My digital nomad life has ended. I’ve been away from the road for two months now. I’ve traded in maps for a spot at my dinner table–my car for a nice warm bed. I’ve now spent more time at home than I have in almost two years.
I’m not going to lie, it’s definitely a change. I’m used to constant mobility and new sights—which I’m not getting at the moment.
Ever since I became a digital nomad a year ago my world’s done a backflip. People don’t always get my lifestyle. Heck, I don’t even get it half the time.
After a year of dedication, I’ve learned so many things that I’ll take with me into 2017, and that you should know if you want to become a digital nomad.
Here they are.
If your goal is to travel the world for a few years, then don’t get mixed up in a relationship. I tried and realized it’s just not right for you or the other person to live in constant separation. Plus, if you get serious, it might make you want to be around that person instead of traveling.
That’s fine, but if you got into this business to travel the world, then do yourself a favor and see it through! Relationships are something we have to sacrifice if we want to live and work wherever we want.
There Are No Off Days
My work hours are ambiguous. My Mom also works from home and she told me that sometimes people won’t understand you need to work, too! Just because we’re home all the time doesn’t mean we’re not hard at work like everyone else.
I coach during the evening, and when I get back I almost always have work to do. The only problem is my family gets home after five and I might want to be around them. Because of this, work builds up that I have to accomplish on the weekends.
After a month or two of working from home I felt a little off. I started getting a little depressed and over-excited when people would actually come home. I realized I was just lonely, discovering one of the major downsides of being a digital nomad.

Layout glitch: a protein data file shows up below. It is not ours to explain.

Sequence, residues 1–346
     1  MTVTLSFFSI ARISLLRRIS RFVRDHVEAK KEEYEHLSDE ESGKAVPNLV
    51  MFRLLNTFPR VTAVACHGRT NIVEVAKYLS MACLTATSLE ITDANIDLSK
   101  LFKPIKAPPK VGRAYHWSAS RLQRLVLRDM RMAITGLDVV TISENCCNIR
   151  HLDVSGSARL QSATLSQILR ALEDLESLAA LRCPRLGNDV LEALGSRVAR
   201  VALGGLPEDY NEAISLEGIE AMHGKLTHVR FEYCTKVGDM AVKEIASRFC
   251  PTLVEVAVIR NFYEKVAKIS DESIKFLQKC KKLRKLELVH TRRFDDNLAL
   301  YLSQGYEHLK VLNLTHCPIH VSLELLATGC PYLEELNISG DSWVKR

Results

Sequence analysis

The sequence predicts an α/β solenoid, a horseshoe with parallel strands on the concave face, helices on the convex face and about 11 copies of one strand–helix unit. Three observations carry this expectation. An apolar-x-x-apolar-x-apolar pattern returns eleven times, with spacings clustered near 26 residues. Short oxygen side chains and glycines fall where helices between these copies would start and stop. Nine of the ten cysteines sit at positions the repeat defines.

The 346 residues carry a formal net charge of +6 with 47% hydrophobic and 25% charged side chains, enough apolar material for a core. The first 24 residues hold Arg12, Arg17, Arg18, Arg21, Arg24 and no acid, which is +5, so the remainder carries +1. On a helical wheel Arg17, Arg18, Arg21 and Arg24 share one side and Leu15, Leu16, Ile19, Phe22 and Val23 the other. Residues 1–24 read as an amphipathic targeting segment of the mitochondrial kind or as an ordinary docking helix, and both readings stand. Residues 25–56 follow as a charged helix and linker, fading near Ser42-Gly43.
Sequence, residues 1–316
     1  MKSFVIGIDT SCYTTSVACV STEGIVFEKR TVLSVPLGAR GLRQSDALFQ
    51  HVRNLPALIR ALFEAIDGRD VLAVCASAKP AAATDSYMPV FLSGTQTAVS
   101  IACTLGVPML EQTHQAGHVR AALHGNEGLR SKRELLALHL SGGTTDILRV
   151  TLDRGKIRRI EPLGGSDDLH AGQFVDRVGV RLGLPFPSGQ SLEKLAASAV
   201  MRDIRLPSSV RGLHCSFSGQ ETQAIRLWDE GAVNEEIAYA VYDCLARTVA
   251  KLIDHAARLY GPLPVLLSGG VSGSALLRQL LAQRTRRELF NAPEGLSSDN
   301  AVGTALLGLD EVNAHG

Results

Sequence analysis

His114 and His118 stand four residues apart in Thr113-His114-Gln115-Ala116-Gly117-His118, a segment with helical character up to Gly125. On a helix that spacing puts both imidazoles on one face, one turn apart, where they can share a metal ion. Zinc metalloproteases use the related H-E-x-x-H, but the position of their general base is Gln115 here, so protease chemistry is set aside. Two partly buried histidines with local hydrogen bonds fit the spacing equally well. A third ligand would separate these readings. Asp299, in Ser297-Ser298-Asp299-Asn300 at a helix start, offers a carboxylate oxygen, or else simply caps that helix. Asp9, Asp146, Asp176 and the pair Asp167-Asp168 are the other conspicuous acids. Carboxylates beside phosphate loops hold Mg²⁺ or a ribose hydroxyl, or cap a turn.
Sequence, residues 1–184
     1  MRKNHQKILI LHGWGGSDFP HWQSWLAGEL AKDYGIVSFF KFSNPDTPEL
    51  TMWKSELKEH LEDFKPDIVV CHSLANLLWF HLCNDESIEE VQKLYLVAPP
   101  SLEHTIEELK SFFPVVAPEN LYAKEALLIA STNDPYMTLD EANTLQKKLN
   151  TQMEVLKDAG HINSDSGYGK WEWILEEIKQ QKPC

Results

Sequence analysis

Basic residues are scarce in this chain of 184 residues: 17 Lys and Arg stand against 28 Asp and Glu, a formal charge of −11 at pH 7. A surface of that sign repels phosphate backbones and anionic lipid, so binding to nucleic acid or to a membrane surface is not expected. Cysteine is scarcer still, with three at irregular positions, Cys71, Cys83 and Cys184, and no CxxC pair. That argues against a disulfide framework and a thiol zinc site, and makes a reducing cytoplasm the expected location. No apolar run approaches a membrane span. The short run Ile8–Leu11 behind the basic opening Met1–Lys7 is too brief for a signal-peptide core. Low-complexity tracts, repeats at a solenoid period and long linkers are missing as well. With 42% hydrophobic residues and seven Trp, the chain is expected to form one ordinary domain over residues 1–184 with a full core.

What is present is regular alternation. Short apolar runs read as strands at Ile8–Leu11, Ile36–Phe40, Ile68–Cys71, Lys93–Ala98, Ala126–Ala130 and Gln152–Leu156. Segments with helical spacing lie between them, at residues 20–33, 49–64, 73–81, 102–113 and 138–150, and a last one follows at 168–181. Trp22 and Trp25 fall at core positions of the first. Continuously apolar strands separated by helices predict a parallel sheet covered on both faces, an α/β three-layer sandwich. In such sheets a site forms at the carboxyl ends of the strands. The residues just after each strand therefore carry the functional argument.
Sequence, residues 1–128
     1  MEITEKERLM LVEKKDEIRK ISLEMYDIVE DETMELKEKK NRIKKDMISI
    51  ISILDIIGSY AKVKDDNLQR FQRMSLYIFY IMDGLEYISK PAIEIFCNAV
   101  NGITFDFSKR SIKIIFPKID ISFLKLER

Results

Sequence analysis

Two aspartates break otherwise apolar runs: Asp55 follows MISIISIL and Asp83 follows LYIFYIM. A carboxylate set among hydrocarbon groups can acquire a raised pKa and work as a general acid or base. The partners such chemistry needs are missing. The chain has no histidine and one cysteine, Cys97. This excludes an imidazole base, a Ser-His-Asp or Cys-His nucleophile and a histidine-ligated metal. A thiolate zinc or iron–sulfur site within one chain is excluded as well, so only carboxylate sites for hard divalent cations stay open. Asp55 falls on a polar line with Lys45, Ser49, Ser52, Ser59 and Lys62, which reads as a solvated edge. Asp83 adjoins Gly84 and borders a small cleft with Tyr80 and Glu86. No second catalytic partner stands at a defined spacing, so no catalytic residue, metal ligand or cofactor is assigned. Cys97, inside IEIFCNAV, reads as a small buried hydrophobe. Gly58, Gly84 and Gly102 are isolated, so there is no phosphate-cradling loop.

To properly balance this lifestyle, you need to hang out with people sometime. You need to get out of the house, whether that’s two or three times a week, and go take a class or work a part-time job. I myself help coach wrestling a little bit at my old high school. Figure out what works for you, and expect the loneliness to come.
No More Bosses!
Bosses are the worst, and when you work from home you don’t get to take crap from anybody (unless it’s through an email or something). This is one of my favorite parts of being a digital nomad, because a bad boss can be a gargantuan source of stress in your life. Now we’ve just eliminated that!
You’ll Juggle A Lot of Assignments
I have three or four sources of income (clients) that I work with. Each come with their own specific set of rules, guidelines, and topics. I love the variety, but sometimes it gets hard learning to juggle things. I always make a list after every day to stay on top of stuff, because without a boss, managing yourself can get tough.
You’ll Spend Less Money
We don’t need to travel anywhere for work, remember? I’ve filled my gas tank twice in two months—which is pretty freaking awesome. On top of that, I wrote an article recently about how people who work from home end up spending much less than those who don’t.
You Can See Your Friends/Family More
This is my favorite part. This summer I got to see a couple friends that live thousands of miles away from me. I visited, worked when they worked, and hung out with them when they were off. It was so fulfilling and really blessed me big time. I never thought I’d get to do that.
You Have To Stay On Task
Procrastination is my biggest enemy. It’s easy to watch YouTube videos and get off task. This line of work requires a heck of a lot of self-discipline because at a regular job you’ll get paid no matter what—but as a freelance writer we need to turn stuff in. We can’t just dog it on a day-to-day basis.
This post also appeared on the Huffington Post.
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